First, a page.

But this is probably wrong, according to research from the Urban Institute, which predicts homeownership will continue to slip for at least 15 years.

Demographics tell the story.

Urban Institute researchers predict that more than 3 in 4 new households this decade, and 7 of 8 in the next, will be formed by minorities. These new households—nearly half of which will be Hispanic—have lower incomes, less wealth and lower homeownership rates than the U.S. average.

The upshot is that fewer than half of new households formed this decade and the next will own homes. By contrast, almost three-quarters of new households in the 1990s became homeowners.

The downtrend would push homeownership below 62% in 2020, and it would hold the rate near 61% in 2030, below the lowest level since records began in 1965.

You really should read the whole article. A couple of people who disagree with this assessment are quoted, but even they see the rate of home ownership stabilizing and staying lower than it was before the recession. There’s also some discussion about the impact on housing affordability, and interestingly it’s led by Ron Terwilliger who was the keynote speaker at this year’s Apartment Association of North Carolina education conference. He has some interesting ideas about reducing the mortgage deduction and moving some of those dollars over to help with rental housing. That would be a political hot potato, but it’s a sign of how different times are these days.
All in all, those signs bode will for the apartment industry from years, maybe even decades to come.

June 9, 2015 at 7:42 pm 2 comments

Where Are the Young Home Buyers?

It’s no secret that there’s a dearth of younger home buyers these days, but why are young adults still slow to move from renting to buying even though the economy is finally growing? Shane Squires of MPF Research wrote about some of the challenges faced by millennials:

For starters, income levels for those between 25 and 34 are down. Median household income for that demographic has declined between roughly 5% and 15% in real terms from 2000 to 2012 for every education level of the head of household, according to the National Center for Education Statistics. And in 2013, the real median net worth of households under 35 years old was just $10,400. That was approximately 32% below the level estimated in 2001, according to the Federal Reserve Survey of Consumer Finances…

He then cites some data showing that the combination of an increasing population and anemic job growth coming out of the past two recessions led to a highly competitive job market that prompted many students to continue on to grad school. That demand allowed universities to jack up tuition which led to more debt:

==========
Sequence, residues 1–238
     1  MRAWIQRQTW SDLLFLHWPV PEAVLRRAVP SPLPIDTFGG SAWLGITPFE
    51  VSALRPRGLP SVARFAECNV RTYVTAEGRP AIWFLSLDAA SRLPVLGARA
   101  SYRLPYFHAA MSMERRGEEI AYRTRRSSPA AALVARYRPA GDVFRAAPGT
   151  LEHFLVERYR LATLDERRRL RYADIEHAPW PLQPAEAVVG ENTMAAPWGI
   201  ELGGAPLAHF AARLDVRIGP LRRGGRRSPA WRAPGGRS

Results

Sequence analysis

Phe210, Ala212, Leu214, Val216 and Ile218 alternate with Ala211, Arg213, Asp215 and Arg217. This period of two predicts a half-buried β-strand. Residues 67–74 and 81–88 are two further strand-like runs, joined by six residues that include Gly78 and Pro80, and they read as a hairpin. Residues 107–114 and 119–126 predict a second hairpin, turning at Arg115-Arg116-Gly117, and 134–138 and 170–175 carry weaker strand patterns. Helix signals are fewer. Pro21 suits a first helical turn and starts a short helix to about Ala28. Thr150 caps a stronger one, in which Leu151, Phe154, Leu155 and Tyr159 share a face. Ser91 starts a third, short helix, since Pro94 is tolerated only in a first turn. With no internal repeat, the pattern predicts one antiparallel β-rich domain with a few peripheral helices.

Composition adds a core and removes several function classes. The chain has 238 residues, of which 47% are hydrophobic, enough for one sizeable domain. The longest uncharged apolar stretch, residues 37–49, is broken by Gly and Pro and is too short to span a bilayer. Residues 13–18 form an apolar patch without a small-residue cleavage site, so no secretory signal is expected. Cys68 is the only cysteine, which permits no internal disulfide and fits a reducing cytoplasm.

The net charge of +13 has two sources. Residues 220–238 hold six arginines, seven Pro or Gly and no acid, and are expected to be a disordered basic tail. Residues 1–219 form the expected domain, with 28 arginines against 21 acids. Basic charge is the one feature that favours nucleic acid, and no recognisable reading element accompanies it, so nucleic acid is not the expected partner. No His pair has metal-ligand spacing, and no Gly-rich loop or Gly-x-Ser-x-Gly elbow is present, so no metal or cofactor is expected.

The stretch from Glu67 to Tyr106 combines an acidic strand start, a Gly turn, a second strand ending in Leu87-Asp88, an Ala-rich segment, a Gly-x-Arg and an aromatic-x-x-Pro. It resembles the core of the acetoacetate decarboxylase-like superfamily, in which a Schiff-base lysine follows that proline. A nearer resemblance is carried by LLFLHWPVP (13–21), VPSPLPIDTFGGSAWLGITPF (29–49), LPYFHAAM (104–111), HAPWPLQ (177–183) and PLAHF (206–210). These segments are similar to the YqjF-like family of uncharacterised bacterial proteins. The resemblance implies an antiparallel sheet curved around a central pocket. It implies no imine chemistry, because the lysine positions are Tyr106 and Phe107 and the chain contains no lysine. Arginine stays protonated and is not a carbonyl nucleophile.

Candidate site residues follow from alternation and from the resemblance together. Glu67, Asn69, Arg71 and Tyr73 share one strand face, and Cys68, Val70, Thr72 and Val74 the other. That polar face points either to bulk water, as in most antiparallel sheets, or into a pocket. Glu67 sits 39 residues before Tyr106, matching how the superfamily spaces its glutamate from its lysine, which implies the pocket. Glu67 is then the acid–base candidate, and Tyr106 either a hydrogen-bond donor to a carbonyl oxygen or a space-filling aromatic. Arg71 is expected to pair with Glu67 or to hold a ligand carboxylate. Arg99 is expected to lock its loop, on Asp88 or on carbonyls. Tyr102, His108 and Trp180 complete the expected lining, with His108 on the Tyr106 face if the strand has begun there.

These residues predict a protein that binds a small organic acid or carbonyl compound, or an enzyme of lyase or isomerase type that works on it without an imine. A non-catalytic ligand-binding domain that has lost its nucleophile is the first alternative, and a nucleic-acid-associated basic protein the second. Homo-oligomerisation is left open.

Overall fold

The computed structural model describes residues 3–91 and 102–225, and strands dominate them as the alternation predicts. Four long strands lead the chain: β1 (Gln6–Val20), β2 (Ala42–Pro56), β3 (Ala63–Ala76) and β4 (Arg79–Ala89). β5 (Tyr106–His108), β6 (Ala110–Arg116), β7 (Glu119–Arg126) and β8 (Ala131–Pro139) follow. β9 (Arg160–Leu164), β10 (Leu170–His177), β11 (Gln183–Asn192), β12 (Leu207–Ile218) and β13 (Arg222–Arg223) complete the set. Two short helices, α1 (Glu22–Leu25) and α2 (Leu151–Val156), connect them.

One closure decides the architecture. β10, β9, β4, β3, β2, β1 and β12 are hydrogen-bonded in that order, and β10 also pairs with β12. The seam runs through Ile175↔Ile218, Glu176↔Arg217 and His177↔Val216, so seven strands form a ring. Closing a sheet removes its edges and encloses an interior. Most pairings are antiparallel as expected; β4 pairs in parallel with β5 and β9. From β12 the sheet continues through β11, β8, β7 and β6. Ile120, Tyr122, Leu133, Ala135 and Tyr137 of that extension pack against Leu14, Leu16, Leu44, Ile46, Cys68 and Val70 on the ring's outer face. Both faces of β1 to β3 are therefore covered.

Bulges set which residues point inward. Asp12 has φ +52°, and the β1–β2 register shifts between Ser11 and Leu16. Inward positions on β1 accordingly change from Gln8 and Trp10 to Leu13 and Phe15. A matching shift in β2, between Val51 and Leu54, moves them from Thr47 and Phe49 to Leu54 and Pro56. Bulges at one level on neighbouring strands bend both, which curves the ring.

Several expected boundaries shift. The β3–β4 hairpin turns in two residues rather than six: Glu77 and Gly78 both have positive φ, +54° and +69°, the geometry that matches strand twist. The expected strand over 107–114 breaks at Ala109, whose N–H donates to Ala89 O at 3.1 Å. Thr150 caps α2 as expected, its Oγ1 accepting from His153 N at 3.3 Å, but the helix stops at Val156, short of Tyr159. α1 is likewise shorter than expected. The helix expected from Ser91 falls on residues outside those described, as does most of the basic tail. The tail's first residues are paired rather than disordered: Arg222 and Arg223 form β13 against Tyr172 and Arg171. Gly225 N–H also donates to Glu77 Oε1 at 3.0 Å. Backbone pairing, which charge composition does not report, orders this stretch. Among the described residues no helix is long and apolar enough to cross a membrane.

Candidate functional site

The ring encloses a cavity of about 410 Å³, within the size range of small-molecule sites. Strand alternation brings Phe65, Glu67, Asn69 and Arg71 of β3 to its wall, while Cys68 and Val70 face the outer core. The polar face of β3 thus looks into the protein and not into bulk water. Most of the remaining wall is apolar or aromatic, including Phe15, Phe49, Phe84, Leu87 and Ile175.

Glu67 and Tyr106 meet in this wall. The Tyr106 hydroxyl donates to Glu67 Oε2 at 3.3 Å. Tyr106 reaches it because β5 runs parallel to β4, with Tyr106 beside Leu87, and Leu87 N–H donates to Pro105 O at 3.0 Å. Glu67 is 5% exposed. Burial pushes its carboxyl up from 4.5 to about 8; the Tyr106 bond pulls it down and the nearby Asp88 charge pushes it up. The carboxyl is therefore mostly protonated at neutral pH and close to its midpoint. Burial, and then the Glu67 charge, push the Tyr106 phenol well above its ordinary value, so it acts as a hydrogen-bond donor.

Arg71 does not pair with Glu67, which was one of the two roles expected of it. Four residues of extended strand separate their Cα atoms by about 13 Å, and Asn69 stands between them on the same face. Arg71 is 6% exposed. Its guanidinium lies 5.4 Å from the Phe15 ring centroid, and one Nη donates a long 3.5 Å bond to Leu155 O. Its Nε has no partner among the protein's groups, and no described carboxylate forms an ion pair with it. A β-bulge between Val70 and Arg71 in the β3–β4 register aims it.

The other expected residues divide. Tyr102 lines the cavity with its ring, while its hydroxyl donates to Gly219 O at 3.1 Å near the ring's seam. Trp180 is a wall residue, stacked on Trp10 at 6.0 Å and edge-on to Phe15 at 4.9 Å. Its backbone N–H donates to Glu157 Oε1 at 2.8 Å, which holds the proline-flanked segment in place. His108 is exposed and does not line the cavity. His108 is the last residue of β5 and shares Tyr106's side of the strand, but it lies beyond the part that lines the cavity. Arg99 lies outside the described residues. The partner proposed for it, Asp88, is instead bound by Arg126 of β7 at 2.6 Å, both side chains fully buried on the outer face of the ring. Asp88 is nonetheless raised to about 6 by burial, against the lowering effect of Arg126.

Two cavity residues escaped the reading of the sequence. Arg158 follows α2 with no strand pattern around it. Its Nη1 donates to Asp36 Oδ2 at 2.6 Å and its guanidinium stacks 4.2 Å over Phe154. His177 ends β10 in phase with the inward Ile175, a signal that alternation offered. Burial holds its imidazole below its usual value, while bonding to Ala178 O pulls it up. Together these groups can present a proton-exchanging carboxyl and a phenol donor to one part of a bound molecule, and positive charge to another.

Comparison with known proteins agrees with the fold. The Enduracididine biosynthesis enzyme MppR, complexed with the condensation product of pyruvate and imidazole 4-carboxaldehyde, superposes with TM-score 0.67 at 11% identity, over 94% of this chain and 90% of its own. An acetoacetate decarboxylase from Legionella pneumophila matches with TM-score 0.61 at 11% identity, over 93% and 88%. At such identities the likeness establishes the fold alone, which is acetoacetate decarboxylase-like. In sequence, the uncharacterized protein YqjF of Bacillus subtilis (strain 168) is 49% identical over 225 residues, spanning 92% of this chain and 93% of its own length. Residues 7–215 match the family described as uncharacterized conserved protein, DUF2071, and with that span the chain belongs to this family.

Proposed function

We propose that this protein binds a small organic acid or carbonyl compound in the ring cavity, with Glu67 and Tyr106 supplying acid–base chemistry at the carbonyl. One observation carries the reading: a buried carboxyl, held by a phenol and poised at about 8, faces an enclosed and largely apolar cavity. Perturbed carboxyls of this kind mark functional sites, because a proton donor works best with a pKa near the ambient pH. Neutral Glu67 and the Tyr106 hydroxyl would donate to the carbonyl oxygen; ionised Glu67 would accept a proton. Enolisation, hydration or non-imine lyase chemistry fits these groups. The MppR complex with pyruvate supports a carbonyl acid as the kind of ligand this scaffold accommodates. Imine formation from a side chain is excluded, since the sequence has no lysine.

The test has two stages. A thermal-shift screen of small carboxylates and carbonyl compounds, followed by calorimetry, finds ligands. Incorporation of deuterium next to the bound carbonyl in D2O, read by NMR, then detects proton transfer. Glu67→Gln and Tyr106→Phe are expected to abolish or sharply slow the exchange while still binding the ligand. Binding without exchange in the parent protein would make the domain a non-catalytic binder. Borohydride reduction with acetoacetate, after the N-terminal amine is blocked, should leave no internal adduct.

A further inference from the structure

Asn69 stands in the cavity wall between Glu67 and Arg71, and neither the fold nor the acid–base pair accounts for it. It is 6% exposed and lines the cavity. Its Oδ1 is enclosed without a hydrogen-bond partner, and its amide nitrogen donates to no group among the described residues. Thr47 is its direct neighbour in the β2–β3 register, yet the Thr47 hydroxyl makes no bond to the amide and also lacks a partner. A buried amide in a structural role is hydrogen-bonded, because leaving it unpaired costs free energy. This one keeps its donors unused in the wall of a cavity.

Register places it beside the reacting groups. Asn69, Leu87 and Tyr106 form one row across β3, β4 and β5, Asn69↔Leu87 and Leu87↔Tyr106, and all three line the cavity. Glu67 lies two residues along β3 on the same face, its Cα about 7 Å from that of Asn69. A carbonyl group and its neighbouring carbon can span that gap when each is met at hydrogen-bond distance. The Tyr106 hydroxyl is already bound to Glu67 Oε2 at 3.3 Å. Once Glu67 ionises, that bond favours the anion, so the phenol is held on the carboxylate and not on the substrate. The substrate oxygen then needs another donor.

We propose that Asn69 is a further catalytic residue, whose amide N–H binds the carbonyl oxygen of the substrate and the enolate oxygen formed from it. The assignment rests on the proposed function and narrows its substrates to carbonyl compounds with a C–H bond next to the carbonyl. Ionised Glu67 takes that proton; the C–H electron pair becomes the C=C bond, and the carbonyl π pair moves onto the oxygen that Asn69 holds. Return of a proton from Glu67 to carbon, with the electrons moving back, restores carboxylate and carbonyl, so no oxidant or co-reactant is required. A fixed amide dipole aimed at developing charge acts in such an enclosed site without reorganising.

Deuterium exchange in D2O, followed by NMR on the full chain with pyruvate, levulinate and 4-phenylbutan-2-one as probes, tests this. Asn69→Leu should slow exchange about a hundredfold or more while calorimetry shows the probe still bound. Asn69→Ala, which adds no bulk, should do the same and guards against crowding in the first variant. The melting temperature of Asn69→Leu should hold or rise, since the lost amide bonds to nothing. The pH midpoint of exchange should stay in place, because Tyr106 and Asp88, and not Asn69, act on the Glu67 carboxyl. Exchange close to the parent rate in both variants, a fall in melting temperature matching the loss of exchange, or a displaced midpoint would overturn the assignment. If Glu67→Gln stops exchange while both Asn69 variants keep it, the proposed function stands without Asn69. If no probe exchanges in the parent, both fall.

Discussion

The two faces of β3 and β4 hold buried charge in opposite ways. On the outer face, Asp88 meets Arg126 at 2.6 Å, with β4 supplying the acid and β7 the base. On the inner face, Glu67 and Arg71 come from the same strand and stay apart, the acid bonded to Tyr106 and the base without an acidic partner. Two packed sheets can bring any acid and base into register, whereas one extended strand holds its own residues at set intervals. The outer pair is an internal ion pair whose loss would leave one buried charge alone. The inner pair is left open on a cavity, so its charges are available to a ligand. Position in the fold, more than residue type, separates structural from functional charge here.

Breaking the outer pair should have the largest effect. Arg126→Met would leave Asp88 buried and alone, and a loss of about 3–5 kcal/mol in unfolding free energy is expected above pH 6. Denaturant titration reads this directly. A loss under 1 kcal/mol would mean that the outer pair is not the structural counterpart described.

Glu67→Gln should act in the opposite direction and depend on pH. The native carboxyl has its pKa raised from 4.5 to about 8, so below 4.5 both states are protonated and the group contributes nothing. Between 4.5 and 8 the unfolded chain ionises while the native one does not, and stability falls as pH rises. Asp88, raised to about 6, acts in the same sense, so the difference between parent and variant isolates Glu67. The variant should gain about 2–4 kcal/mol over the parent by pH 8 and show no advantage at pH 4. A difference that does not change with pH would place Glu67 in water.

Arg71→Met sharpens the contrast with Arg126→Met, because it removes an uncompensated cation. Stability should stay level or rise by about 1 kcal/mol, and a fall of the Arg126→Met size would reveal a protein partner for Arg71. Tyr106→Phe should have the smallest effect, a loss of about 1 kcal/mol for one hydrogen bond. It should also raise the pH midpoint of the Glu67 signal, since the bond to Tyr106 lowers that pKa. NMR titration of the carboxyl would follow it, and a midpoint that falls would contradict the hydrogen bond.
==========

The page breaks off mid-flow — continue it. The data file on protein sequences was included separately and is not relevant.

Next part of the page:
That brings us to the most commonly cited economic constraint for Gen Y – student debt. Over the decade from 2002-2003 to 2012-2013, the number of full-time undergraduate students rose from 9.1 million to 11.6 million people, according to College Board. That increased demand enabled higher education institutions to raise tuition prices 51% past the rate of inflation in the past 10 years,…

Add to that the increase in health care costs, which he cites as being 31% greater than the reported rate of inflation, and the increase in cost of staples and you can see that young adults face some serious obstacles to home ownership. Even the accelerated job growth of 2014 is recognized with a caveat:

Given that job growth has accelerated notably in 2014, with a much higher share being created in higher-paying sectors, these trends in income and net worth are bound to start improving to some degree. Though, considering that the appreciation of median home prices has vastly outpaced wage growth over the past decade, many in the Millennial generation will likely continue to find it more difficult to qualify for a mortgage than Generation X did 10 years ago.

It would be easy to point to the Great Recession as the primary cause for the struggle young adults will have in moving from renting to buying, but some of the contributing factors are the result of societal shifts that began a generation ago. For instance, the decoupling of income from worker productivity:

The “decoupling” is the divergence between labor productivity and employment/wages that happened in the US in the 1980s and has become quite pronounced over the past thirty years. During the great postwar boom, productivity and wages grew in lockstep in the US. Of course, we don’t see any data from the 19th century and the first half of the 20th century so it’s not clear that labor and wages have always grown in lockstep. But something certainly changed in the 1980s and the result has not been good for median family income which has been stagnant in the US for almost thirty years now.